Supplementary Figure 2 Development of dmPFC and BLA 4-Hz oscillations during fear conditioning.

(a) Representative spectrogram of dmPFC LFPs recorded during auditory fear conditioning for successive CS+-US associations (top red lines: CS+ duration). White lines on the spectrogram indicate immobility/freezing episodes. (b, c) Averaged dmPFC (b) and BLA (c) power during CS+ presentations throughout the conditioning session (n = 4 mice, one way repeated measures ANOVA, dmPFC F(3,4) = 3.617, * P = 0.0372; BLA: F(3,4) = 4.794, * P = 0.0153). a.u.: arbitrary units. Spectral power in log scale. Error bars: mean ± s.e.m. For the representative example in (a), similar results were obtained for the 4 animals used in these experiments.

Supplementary Figure 3 Emergence of dmPFC 4-Hz oscillations during contextual fear behaviour.

(a, b) Protocol and behavioural results. During Habituation (Hab.), mice (n = 6) exhibited low freezing whereas following contextual fear conditioning (Day 2: Retrieval), freezing values were significantly increased (Paired t-test, Hab. versus Retrieval: t(5) = -11.639, *** P < 0.001). (c) Representative dmPFC raw LFP traces recorded during the Retrieval session. 4 Hz oscillatory activity is visible during freezing behaviour. (d) Representative spectrogram of dmPFC LFPs at a fine time resolution during freezing episodes at Retrieval. White lines on the spectrogram indicate freezing episodes. (e) Averaged power spectrum of dmPFC LFPs recorded during Retrieval for freezing and no freezing periods (n = 6 mice). Inset: Averaged dmPFC 2-6 Hz power during Retrieval for freezing and no freezing periods (Paired t-test, Freezing versus No Freezing: t(5) = -6.039, *** P < 0.001). a.u.: arbitrary units. Spectral power in log scale. Shaded area and error bars: mean ± s.e.m. For the representative examples (c, d), similar results were obtained for the 6 animals used in these experiments.

Supplementary Figure 4 Relation of dmPFC and BLA 4-Hz oscillations with freezing, immobility and motor behavior.

(a) Representative spectrograms of BLA LFPs recorded during Habituation. White lines on the spectrogram indicate immobility periods. (b) Correlation coefficient between the power envelope of the 4 Hz oscillations (2–6 Hz bandpass) recorded in the BLA and immobility/freezing behaviour during Habituation (Hab.) and Retrieval sessions (n = 13 mice, paired t-test, BLA: t(12) = -4.871, *** P < 0.001). (c) Receiver operating characteristics (ROC) analyses performed on Naïve Bayes (NBC) and Support Vector Machine (SVM) classifiers trained on 4 Hz signal to noise ratio (SNR) of the BLA during freezing episodes (see Methods). Inset: averaged area under the curve for NBC and SVM classifiers compared to corresponding shuffled data. (d) Percentage of accuracy of the NBC and SVM classifiers to predict freezing behaviour based on BLA 4 Hz SNR (see Methods). (e) Correlation analysis performed between freezing and 4 Hz episodes for the BLA (n = 13 mice; BLA: Pearson's r coefficient = 0.01, P = 0.974). (f) Location of recording sites in the lateral (lPAG) and ventrolateral periaqueductal grey (vlPAG) (n = 5 mice). (g) Left, Averaged power spectrum of PAG LFPs recorded during Retrieval for freezing and no freezing periods (n = 5 mice). Right, Averaged PAG 2-6 Hz power during Retrieval for freezing and no freezing periods (n = 5 mice, paired t-test, t(4) = 0.098, P = 0.926). Shaded areas and error bars: mean ± s.e.m. Spectral power in log scale. a.u.: arbitrary units. For the representative example in (a), similar results were obtained for the 13 animals used in these experiments.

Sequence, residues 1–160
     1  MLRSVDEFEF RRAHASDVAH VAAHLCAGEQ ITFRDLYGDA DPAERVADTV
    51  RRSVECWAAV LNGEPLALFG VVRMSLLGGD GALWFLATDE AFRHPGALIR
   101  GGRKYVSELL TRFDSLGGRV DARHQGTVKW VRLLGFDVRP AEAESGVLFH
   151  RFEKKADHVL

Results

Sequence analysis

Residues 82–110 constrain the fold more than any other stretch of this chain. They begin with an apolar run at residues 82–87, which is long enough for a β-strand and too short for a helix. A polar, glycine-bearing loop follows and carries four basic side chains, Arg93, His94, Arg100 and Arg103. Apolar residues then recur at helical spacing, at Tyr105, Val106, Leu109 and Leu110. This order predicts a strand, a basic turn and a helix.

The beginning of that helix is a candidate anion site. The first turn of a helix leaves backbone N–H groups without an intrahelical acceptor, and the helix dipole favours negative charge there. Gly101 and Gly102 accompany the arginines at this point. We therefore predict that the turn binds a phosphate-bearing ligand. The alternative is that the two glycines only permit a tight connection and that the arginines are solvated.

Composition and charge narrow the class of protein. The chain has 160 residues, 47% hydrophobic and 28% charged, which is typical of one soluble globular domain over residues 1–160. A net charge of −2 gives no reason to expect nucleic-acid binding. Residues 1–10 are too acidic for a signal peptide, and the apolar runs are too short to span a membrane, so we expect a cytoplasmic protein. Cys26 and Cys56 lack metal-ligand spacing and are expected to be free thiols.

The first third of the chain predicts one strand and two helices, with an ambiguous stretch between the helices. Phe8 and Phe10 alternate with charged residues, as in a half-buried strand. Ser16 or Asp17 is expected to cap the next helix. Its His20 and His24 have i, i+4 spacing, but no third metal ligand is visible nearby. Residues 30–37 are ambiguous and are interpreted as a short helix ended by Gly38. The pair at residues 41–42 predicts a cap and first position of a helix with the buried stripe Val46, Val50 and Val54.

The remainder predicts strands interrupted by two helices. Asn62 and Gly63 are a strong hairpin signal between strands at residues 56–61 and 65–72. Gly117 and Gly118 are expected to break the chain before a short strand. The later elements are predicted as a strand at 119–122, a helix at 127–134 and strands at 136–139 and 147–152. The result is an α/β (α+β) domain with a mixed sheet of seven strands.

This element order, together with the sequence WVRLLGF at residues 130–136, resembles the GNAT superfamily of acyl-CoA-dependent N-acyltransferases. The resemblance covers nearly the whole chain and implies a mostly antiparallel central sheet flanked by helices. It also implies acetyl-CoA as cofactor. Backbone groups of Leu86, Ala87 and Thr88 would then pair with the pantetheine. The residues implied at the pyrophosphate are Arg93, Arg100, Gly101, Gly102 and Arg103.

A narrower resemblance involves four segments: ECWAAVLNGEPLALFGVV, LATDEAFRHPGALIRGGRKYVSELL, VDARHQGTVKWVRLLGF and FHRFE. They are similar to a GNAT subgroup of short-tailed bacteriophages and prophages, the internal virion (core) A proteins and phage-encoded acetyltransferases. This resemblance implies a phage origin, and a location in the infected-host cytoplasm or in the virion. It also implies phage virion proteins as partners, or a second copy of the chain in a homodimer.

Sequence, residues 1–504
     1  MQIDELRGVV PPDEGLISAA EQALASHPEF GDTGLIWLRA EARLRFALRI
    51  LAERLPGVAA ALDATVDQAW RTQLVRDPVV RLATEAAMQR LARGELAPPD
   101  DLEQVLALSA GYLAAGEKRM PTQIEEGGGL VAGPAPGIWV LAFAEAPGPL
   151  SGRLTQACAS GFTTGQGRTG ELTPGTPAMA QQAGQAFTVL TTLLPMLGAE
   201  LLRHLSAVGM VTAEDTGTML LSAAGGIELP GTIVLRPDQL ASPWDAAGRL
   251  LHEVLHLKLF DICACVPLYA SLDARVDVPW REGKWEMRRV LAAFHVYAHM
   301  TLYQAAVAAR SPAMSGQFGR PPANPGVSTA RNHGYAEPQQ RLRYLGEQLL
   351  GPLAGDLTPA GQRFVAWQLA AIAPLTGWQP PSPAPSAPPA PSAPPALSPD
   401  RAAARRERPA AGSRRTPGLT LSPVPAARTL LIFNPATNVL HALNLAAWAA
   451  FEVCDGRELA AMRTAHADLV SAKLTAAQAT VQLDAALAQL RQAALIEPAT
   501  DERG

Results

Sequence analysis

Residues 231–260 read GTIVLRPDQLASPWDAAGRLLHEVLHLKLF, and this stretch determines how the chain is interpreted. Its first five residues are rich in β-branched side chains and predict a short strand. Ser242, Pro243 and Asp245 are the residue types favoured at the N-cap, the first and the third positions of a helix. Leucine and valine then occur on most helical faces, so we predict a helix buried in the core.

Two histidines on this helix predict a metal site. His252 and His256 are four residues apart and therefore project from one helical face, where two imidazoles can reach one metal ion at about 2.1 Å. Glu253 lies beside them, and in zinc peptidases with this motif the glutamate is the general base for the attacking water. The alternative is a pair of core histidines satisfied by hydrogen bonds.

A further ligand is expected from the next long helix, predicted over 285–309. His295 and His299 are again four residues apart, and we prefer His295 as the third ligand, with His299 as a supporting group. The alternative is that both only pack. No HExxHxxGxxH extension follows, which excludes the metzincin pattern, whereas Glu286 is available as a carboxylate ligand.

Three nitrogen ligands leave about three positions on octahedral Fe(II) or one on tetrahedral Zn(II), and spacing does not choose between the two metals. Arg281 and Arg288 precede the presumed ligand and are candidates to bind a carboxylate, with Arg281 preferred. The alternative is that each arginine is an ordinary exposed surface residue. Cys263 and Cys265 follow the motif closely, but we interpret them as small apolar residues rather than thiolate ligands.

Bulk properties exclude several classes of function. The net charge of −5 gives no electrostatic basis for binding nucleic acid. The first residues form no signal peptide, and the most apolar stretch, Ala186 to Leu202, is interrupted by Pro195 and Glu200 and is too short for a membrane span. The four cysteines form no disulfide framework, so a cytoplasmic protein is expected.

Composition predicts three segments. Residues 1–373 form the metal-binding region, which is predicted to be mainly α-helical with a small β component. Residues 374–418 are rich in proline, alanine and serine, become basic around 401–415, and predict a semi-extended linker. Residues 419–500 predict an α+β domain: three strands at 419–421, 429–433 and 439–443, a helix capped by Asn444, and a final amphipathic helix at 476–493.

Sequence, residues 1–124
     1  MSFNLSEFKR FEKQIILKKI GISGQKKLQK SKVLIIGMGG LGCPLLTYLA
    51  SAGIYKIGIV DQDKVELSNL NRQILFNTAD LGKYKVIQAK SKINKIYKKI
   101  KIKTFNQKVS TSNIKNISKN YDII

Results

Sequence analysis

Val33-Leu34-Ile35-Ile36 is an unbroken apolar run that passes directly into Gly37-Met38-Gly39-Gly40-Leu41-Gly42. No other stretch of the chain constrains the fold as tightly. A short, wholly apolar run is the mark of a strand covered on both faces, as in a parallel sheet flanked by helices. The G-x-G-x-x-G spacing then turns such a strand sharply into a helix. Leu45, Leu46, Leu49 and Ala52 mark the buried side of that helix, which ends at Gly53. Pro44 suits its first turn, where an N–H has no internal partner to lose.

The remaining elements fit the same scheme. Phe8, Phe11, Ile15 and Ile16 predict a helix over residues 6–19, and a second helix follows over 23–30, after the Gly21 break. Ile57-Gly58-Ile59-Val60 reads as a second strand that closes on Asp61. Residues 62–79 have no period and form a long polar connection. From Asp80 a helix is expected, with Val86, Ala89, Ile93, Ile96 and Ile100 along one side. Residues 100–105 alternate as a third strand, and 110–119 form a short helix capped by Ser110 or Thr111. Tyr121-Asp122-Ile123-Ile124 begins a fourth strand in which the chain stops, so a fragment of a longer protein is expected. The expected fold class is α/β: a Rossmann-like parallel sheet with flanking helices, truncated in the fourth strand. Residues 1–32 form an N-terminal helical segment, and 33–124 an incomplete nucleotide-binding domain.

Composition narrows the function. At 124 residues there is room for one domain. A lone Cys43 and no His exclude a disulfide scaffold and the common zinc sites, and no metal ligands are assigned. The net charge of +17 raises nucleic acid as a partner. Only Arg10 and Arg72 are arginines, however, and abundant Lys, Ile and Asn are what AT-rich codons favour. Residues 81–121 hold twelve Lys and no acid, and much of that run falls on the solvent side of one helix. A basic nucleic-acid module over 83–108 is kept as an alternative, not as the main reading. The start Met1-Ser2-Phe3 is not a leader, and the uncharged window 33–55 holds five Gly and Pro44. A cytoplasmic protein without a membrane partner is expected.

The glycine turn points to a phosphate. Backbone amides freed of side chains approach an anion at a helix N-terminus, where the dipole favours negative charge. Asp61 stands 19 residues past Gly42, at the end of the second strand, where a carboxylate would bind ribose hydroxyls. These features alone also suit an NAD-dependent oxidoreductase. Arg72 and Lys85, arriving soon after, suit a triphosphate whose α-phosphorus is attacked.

Supplementary Figure 5 Reversible inactivation of the medial septum does not block dmPFC 4-Hz oscillations.